Economic Crisis and Households: Greece in the Context of the Economic Crisis
The recent economic crisis, which began in 2008 in the USA and spread worldwide, affected the developed countries much more. It weakened their economies and the households’ finances and expenditures (e.g., USA, Spain, Greece), since gross domestic product per capita dropped and in many cases there was simultaneously a dramatic rise in unemployment. Furthermore, signs of growth have been projected to be modest (IMF 2016). Recent studies focusing on the USA (i.e., Hurd and Rohwedder 2010), Italy (Zanin 2015), and Spain (Villar 2015) point out that increasing numbers of households, in comparison with the pre-crisis period, have reduced their expenditures since they have been affected by unemployment, negative home equity, and arrears on their financial commitments (e.g., utility bills, mortgage payments).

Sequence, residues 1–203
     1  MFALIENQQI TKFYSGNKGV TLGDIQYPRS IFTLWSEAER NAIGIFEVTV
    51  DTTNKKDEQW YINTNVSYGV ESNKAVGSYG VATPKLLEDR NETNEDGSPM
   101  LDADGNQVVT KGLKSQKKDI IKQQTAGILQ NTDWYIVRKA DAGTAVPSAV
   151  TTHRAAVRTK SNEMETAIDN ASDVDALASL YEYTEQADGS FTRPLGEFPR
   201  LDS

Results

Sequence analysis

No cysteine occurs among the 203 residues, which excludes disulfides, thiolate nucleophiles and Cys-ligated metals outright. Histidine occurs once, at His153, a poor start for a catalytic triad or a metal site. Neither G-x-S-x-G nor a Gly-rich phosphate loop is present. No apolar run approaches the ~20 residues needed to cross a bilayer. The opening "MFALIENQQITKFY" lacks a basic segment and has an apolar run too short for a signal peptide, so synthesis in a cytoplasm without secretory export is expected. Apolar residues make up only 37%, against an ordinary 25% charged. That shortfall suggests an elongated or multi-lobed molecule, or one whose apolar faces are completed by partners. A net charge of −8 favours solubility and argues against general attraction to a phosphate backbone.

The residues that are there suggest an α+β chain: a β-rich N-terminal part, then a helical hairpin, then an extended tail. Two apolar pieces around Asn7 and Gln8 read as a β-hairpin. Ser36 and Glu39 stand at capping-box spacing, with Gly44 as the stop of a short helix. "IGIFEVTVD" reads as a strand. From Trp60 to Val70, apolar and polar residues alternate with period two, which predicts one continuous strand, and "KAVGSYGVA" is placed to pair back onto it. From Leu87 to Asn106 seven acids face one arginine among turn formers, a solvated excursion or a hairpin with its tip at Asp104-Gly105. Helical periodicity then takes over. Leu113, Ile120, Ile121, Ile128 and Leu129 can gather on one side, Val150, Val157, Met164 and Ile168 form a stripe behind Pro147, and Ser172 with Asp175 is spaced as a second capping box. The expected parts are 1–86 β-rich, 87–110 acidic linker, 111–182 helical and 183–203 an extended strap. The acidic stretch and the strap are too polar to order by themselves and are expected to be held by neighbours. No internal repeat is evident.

Since November 2009, Greece has entered a long period of severe economic crisis, which is the most serious one in its modern history. In an effort to bring public finances back under control the Greek governments have announced rounds of austerity measures and structural reforms as requirements for the three bailout agreements (Memoranda of understanding) with its international creditors, the so-called Troika of the European Union-International Monetary Fund-European Central Bank (Kosmidou, Kousenidis, and Negakis 2015 ; Priporas et al. 2015). The impact of the financial crisis had obvious negative effects on the Greek economy and consequently the society and its citizens, in particular on the most vulnerable population groups (Arghyrou and Tsoukalas 2011; Christopoulou and Monastiriotis 2016 ; Markovits, Boer, and van Dick 2014; Priporas et al. 2015 ; Kentikelenis et al. 2011; Kaplanoglou and Rapanos 2015); Alderman 2013; Makris and Bekridakis 2013; Yannakoulia et al. 2016).